#69 – Megachurches. Religious beliefs are not entirely unpalatable to the bogan. After all, most organised religions offer immediate forgiveness of sins, the prospect of everlasting bliss, a sense of belonging, and the capacity for miracles that will bail the bogan out of the situations that it gets itself in as a result of its own negligence. But with the proliferation of bright lights, loud noises, and shiny gadgets in the last few decades, worshipping marketing-driven consumerism has to a large extent usurped the stoic Christian heritage of many bogans’ ancestors.
Like the vengeful force that modern Christian advertising portrays him not to be, God has struck back on these desecrations of his temple. He has sought to conquer the glitzy, schmaltzy, commercialised modern world by… bringing it inside a church and selling it to bogans. Well, at least that’s what Brian and Bobby Houston have done, the senior pastors of the Hillsong Church. This Pentecostal megachurch emerged in Western Sydney in the 1990s, sporting the jumping, singing, and clapping that has been exported from the most morally reprehensible churches in the South of the United States. The bogan greatly enjoyed being immersed in this colour and sound, and was doubly thrilled to learn that there was much merchandise that could also be acquired. The bogan does not measure the strength of a belief or affiliation through dedication or quiet contemplation, the only known calibration is the purchase and display of prominently branded products. And purchase they did.
Hillsong has turned itself into a commercial juggernaut, releasing over 40 albums, holding enormous Amway-esque conferences, spawning offshoot Hillsong locations, and even creating a television program with a global reach. In return, the church asks only for a vague acknowledgement of family values, affiliation sometimes referred to as “spectator religion”. Considering that bogans prefer to be entertained than to do things, it’s a snug fit. Not content in its own bubble, this insidious undertaking has sought to utilise its newly loyal bogan army in the task of reshaping Australia. Politicians from both of the mainstream parties have attempted to curry favour with the congregation. This did not work well, as curry is a dish from a non-Christian country. The final reason that bogans love Hillsong, is that the church encourages them to watch Australian Idol.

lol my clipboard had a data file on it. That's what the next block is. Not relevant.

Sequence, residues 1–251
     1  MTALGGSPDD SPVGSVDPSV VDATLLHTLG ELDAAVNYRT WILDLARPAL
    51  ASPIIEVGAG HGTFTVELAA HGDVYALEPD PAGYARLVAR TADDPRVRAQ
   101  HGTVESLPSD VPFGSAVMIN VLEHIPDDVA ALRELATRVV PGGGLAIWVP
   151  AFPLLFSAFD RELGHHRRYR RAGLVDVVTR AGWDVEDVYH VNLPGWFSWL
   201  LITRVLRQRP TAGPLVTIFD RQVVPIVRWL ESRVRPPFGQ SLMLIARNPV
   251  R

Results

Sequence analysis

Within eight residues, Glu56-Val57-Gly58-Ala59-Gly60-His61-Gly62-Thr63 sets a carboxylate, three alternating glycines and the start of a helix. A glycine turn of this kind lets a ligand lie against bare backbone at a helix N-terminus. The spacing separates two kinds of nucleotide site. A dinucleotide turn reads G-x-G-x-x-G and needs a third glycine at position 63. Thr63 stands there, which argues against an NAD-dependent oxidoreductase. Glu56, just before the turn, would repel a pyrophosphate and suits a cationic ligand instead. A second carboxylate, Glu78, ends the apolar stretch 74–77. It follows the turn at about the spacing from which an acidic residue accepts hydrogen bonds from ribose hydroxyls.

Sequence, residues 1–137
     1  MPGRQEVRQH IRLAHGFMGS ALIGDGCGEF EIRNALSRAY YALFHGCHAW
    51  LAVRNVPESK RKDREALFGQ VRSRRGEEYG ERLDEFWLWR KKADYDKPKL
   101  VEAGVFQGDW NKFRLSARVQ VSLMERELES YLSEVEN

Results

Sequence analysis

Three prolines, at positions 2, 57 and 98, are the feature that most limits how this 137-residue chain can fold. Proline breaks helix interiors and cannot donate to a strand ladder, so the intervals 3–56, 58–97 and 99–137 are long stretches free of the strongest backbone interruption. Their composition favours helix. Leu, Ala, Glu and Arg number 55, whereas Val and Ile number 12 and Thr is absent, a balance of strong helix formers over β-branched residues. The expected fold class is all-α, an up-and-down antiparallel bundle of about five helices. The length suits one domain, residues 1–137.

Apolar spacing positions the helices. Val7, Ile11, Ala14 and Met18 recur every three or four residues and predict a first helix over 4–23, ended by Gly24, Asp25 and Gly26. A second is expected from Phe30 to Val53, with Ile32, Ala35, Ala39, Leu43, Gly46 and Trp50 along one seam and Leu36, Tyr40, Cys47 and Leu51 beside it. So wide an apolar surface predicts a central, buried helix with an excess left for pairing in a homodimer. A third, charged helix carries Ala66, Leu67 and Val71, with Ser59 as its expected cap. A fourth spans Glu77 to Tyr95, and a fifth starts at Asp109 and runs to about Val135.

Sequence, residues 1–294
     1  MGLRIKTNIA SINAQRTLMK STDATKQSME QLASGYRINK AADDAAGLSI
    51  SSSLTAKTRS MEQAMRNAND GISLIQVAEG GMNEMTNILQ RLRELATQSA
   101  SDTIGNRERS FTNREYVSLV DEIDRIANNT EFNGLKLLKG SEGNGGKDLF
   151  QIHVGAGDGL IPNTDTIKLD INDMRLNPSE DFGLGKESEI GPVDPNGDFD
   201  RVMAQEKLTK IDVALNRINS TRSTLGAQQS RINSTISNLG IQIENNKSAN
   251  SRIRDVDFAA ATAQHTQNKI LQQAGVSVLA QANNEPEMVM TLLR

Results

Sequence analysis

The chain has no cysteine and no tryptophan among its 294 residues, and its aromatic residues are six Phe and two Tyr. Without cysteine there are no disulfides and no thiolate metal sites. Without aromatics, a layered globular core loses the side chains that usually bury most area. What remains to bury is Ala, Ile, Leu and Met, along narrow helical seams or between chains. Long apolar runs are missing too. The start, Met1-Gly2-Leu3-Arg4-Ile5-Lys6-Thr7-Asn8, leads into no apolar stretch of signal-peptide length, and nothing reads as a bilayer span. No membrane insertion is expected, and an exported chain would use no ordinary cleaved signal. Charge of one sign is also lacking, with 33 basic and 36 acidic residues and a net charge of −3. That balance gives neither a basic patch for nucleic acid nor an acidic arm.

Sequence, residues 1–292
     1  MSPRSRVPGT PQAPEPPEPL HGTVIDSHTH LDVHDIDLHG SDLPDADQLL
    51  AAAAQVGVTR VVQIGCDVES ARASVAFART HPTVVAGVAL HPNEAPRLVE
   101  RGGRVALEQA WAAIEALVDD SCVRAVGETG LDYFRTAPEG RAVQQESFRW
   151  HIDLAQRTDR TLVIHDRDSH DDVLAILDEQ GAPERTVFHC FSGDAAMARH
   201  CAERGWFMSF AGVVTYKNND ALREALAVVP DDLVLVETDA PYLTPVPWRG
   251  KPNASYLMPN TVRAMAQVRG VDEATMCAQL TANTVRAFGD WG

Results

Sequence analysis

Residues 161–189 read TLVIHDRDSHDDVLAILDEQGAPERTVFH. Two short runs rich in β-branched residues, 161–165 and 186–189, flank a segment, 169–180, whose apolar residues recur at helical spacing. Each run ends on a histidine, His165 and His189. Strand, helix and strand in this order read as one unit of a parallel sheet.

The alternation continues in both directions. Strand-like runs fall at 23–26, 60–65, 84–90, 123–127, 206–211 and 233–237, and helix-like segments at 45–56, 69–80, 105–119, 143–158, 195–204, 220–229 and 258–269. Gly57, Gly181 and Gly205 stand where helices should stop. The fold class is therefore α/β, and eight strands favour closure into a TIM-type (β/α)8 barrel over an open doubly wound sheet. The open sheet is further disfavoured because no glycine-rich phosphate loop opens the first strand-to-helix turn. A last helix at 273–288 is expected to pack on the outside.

At the command of the pastors, Hillsong’s bogans vote in large blocks for Idol contestants who giddily gush about their religious beliefs on the program. It’s sheer bogan catnip that their commercial music church ordains reality television celebrities, ensuring that the bogan will keep coming back to the church for each episode. Guy Sebastian.